Learning Outcomes

By the end of the course participants will be expected to be able to…

  • Critically analyse the problems and challenges faced by modern healthcare systems in relation to value
  • - Critically analyse the problems and challenges faced by modern healthcare systems in relation to value
  • - Understand and explain value-based healthcare, and its relationship to evidence-based healthcare
  • - Describe the subjective nature of value and critically examine its relationship with quality and efficiency in healthcare systems
  • - Outline the different strategies for using resources optimally in healthcare
  • - Explain the concepts of personal value, allocative value and technical value
  • - Discuss methods for optimising allocative value, and maximising resource use at national and local levels
  • - To present methods for optimising technical value and improving efficiency while attaining sustainability by designing population based systems
  • - Understand the role of the clinician in increasing both personal and population valu
  • - Explain how methods from culture change can be applied to transforming health services using the value paradigm
  • - Employ methods for communicating the importance of value

Selection criteria

Graduate-level, with at least two years’ experience in healthcare and health systems.

Gray Biography

Professor Sir Muir

Schedule 1 – Module Overview


Module 1 – Creating personalised and population healthcare (90 min Approx.)


Learning objectives:

  • To identify the differences between re-organisation and transformation in healthcare
  • To describe the healthcare revolutions of the last 100 years and the paradigm shifts of the last 50 years
  • To outline the healthcare paradigm for the next 20 years
  • To highlight the importance of identifying unwarranted variation
  • To examine what is meant by the term ‘overuse’

By the end of the module you will be able:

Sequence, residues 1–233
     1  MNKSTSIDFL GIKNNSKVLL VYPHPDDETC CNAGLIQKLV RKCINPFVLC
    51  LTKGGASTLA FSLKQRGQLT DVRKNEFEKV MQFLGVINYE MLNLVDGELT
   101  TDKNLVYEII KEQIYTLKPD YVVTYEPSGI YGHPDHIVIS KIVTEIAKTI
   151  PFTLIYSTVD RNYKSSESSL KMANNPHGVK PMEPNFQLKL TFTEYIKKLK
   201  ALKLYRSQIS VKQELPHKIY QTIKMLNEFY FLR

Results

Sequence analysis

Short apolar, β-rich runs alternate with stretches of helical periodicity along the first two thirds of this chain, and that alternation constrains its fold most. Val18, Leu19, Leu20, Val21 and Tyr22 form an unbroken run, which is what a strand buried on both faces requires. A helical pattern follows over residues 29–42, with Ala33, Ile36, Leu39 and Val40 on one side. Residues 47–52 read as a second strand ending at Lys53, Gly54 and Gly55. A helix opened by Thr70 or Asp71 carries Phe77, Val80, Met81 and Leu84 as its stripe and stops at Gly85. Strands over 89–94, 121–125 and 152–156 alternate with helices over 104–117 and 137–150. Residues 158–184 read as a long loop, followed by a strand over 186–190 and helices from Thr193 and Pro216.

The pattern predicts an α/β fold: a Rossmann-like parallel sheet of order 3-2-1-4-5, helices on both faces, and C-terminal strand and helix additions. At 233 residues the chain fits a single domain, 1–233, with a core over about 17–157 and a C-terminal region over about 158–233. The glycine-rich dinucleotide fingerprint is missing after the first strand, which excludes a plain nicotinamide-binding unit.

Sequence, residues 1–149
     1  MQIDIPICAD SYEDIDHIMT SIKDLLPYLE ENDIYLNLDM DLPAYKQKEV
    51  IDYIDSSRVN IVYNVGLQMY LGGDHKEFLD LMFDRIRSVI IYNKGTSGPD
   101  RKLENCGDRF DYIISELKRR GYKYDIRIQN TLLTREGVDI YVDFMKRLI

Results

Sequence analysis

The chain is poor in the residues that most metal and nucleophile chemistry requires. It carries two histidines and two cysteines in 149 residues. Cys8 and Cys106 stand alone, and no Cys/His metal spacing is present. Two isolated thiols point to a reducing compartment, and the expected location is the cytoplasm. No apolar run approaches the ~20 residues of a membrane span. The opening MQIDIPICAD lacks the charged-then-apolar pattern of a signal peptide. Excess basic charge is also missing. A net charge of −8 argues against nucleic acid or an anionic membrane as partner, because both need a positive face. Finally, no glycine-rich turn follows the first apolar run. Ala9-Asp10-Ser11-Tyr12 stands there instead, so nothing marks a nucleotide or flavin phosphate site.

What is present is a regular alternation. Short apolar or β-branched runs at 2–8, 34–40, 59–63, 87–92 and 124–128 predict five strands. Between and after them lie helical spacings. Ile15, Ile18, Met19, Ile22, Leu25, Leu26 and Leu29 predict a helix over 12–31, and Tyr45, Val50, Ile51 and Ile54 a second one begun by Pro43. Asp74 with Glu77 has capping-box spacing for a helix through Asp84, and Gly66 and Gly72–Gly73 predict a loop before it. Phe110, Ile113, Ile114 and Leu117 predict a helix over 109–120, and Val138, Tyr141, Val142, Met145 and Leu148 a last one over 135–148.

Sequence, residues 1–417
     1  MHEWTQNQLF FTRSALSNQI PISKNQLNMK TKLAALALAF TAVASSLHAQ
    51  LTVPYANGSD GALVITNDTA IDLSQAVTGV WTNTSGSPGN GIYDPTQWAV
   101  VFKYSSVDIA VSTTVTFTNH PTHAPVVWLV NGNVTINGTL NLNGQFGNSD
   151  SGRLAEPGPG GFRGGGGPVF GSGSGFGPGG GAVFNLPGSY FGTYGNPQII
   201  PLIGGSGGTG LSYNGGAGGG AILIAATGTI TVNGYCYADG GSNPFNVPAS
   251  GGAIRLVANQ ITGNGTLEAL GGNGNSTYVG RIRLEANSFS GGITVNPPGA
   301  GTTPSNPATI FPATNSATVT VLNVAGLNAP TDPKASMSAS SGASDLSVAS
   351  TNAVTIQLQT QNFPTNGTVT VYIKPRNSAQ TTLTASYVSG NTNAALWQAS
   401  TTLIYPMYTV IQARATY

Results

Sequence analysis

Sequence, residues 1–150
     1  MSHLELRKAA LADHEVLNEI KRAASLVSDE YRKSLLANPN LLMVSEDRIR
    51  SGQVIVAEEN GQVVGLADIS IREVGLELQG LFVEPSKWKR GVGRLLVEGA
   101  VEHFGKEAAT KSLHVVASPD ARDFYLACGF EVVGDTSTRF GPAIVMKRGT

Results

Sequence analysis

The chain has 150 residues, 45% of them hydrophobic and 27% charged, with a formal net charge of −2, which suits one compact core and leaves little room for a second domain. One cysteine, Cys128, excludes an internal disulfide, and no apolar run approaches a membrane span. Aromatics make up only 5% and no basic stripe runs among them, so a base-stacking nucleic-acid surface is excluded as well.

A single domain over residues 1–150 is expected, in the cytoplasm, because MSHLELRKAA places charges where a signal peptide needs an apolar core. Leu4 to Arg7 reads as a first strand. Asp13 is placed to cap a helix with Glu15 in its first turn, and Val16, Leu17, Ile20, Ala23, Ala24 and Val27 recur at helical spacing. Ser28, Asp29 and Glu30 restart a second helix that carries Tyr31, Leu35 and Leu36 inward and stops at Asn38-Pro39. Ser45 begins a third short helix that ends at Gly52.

To discuss the three healthcare revolutions and the distinctive features of the Third Healthcare Revolution

To explain what is meant by the term ‘population healthcare’ and how it relates to the bureaucratic structure of a health service

To explain the limitations of structural reform and the steps that need to be taken to develop population healthcare

To understand how and why interest in population healthcare and value has developed

To identify how overuse, and the harm from overuse, is an inevitable consequence of increasing investment in healthcare



Module 2 – Increasing Triple Value: Improving outcomes and optimising resource use (120 min Approx.)


Learning objectives:

  • To define and explain the terms ‘value’, ‘waste’ and ‘stewardship’
  • To distinguish between the three dimensions of ‘Triple Value’ – personal, allocative and technical
  • To outline the relationship between quality and value
  • To compare, contrast and differentiate between technical value and efficiency, and between personal value and personalised medicine
  • To examine how allocative value and personal value can be increased

By the end of the module you will be able:

To explain resource allocation and distinguish between the different levels of decisions that determine the value derived from resources

To examine the responsibility of clinicians and patient organisations in resource allocation

To explain the concept of ‘Triple Value’ healthcare and understand why it is the new aim for 21st century healthcare

To distinguish between the economic and the moral meanings of the word ‘value’